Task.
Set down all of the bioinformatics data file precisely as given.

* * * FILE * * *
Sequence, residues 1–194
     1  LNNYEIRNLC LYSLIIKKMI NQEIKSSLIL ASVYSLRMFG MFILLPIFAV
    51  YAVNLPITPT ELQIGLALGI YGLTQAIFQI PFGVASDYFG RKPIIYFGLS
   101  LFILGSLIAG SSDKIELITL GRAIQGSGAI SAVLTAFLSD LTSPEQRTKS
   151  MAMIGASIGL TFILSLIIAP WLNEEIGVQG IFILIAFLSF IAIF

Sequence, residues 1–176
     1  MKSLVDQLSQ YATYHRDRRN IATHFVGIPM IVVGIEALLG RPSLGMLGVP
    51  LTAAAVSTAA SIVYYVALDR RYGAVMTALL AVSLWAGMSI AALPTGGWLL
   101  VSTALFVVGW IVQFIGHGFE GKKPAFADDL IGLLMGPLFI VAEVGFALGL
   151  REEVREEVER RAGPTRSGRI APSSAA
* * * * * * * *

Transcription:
Sequence, residues 1–194
     1  LNNYEIRNLC LYSLIIKKMI NQEIKSSLIL ASVYSLRMFG MFILLPIFAV
    51  YAVNLPITPT ELQIGLALGI YGLTQAIFQI PFGVASDYFG RKPIIYFGLS
   101  LFILGSLIAG SSDKIELITL GRAIQGSGAI SAVLTAFLSD LTSPEQRTKS
   151  MAMIGASIGL TFILSLIIAP WLNEEIGVQG IFILIAFLSF IAIF

Sequence, residues 1–176
     1  MKSLVDQLSQ YATYHRDRRN IATHFVGIPM IVVGIEALLG RPSLGMLGVP
    51  LTAAAVSTAA SIVYYVALDR RYGAVMTALL AVSLWAGMSI AALPTGGWLL
   101  VSTALFVVGW IVQFIGHGFE GKKPAFADDL IGLLMGPLFI VAEVGFALGL
   151  REEVREEVER RAGPTRSGRI APSSAA